Pressure applied to EPA on potential changes to the RFS in recent weeks by Midwest members of Congress, led the agency to back down. This week, the EPA sent the final 2018 renewable volume obligations in the RFS to the Office of Management and Budget.

As a result of the agency's actions, Sen. Ted Cruz, R-Texas, is holding up the confirmation of Bill Northey to a key USDA post, in attempt to convince President Donald Trump's administration to meet with federal lawmakers from oil-producing states about their RFS concerns.

The letter sent to Pruitt on Wednesday is led by Reps. Bob Goodlatte, R-Virginia, Peter Welch, D-Vermont, Steve Womack, R-Arkansas, and Jim Costa, D-California.

"For over a decade, the American people have been forced to live with the Renewable Fuel Standard, a well-intentioned but deeply flawed policy that has negatively impacted families and businesses across the United States," the letter said.

"When the RFS was first passed in 2005, it was designed to reduce our country's dependence on foreign oil, to protect the environment, and to revitalize rural America. However, as we look in the rear-view mirror, it's clear that the RFS accomplished none of these goals. By diverting more than 35% of the annual corn harvest to fuel additive, the RFS has raised the cost of livestock production, increased food price volatility and insecurity, decreased fuel efficiency, damaged small-engine equipment, hurt the environment, and chipped away at household budgets. The combined effects of this ethanol mandate have created a hidden tax on every American consumer. Simply put, in its current state, the RFS has run out of gas.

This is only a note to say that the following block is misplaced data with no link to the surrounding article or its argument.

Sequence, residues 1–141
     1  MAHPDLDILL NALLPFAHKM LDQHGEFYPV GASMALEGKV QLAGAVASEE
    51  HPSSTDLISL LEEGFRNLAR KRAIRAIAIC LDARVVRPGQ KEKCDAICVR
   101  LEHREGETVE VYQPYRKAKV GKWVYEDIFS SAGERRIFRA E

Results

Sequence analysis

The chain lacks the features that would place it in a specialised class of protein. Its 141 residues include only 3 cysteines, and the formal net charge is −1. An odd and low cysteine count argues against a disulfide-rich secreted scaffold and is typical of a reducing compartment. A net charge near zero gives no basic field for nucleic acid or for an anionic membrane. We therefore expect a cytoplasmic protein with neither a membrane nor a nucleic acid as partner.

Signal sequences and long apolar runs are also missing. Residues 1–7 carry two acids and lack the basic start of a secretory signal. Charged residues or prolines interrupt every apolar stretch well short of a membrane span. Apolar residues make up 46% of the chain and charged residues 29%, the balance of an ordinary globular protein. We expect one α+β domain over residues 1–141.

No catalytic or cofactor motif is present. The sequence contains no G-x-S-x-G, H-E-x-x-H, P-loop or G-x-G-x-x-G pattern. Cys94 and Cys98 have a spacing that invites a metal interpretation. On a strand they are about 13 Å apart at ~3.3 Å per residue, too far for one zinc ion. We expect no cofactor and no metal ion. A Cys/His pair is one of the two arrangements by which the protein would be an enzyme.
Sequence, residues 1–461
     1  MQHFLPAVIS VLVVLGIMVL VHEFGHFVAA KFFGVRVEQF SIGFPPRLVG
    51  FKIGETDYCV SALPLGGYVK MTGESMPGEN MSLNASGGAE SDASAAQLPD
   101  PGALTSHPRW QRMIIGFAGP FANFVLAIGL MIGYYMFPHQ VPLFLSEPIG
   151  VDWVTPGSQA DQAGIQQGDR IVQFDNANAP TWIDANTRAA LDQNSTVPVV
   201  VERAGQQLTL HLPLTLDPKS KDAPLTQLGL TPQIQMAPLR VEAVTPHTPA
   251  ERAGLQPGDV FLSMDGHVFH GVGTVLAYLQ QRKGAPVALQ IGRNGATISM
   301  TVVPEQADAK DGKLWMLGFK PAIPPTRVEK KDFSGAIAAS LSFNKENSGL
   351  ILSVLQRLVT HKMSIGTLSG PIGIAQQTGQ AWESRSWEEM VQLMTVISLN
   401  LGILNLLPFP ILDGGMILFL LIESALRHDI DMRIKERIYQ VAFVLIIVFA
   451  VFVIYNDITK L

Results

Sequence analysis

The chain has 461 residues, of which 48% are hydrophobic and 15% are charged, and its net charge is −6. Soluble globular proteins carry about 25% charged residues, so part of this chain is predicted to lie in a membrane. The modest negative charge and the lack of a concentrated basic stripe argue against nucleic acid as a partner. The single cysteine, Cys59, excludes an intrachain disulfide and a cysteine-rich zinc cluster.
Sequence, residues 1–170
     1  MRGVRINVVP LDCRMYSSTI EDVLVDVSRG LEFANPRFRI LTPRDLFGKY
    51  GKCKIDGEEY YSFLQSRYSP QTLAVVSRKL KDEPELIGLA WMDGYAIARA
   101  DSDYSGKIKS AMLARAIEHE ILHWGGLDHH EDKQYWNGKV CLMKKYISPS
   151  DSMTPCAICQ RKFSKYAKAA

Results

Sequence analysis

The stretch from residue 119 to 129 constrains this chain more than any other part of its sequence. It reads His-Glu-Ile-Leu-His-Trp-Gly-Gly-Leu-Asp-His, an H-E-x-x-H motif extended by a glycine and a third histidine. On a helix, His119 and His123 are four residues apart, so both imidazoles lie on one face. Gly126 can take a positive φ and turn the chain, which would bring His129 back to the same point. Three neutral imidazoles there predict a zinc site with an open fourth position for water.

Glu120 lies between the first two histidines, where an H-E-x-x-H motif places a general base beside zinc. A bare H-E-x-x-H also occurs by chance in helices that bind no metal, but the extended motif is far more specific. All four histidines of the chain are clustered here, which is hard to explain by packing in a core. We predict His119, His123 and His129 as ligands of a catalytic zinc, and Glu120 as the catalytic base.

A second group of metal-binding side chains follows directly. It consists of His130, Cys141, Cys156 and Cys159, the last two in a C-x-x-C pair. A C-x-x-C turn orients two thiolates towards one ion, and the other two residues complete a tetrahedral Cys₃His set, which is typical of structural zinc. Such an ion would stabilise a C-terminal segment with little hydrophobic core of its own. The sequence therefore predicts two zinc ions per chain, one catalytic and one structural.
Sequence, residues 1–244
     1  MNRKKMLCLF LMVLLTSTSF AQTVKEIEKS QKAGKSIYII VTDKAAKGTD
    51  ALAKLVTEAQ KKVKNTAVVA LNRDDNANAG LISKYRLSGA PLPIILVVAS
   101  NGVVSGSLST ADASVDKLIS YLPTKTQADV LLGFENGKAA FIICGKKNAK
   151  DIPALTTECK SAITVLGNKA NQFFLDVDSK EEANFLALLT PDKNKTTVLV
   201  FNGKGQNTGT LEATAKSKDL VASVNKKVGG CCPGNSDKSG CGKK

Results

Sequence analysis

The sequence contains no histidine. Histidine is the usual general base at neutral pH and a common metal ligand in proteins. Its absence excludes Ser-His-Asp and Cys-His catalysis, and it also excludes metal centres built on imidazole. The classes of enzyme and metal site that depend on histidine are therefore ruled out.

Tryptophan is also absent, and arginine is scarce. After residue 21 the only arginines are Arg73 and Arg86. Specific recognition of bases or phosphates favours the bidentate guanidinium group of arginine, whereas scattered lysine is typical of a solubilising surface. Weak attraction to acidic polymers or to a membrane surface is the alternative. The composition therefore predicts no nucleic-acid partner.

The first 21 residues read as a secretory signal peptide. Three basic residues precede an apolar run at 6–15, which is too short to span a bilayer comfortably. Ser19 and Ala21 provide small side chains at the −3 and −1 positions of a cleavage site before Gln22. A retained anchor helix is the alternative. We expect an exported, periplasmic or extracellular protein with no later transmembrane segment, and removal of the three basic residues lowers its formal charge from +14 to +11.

"American families and our economy have shouldered the costs of the failed ethanol mandate for far too long. As members of Congress representing communities in every region of the United States, we urge the EPA to continue to acknowledge that the RFS has significant pitfalls and costs in future rulemaking. We look forward to working with you to put forth well-founded biofuels policies that reflect market realities and benefit American families and businesses."

The EPA had announced in a notice a proposal to further reduce the renewable volume blend requirements for advanced biofuels, biomass-based diesel volumes for 2018 and 2019, and the total renewable fuel volumes in the RFS.

EPA also reportedly considered a proposal from Valero Energy to leave renewable identification numbers, or RINs, attached to U.S. ethanol gallons produced in the U.S. and exported. Currently, the credits are removed from exported gallons. The biofuels industry is concerned that doing so would flood the market with RINs and harm domestic biofuel producers.

NMPF Building Support in Congress to Approve DAIRY PRIDE Act, Force FDA to Take Action on Mislabeled Dairy Imitators